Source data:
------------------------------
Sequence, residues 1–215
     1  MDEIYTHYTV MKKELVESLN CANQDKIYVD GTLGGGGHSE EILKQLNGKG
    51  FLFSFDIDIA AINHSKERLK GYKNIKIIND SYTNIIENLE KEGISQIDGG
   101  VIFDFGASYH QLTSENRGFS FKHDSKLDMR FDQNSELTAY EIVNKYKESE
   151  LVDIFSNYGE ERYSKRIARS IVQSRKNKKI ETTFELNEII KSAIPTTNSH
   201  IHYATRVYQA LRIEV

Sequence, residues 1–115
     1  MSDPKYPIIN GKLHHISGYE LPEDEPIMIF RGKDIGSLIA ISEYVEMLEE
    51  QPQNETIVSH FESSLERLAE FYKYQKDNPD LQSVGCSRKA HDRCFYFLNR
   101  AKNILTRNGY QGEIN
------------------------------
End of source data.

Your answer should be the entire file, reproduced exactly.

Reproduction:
Sequence, residues 1–215
     1  MDEIYTHYTV MKKELVESLN CANQDKIYVD GTLGGGGHSE EILKQLNGKG
    51  FLFSFDIDIA AINHSKERLK GYKNIKIIND SYTNIIENLE KEGISQIDGG
   101  VIFDFGASYH QLTSENRGFS FKHDSKLDMR FDQNSELTAY EIVNKYKESE
   151  LVDIFSNYGE ERYSKRIARS IVQSRKNKKI ETTFELNEII KSAIPTTNSH
   201  IHYATRVYQA LRIEV

Sequence, residues 1–115
     1  MSDPKYPIIN GKLHHISGYE LPEDEPIMIF RGKDIGSLIA ISEYVEMLEE
    51  QPQNETIVSH FESSLERLAE FYKYQKDNPD LQSVGCSRKA HDRCFYFLNR
   101  AKNILTRNGY QGEIN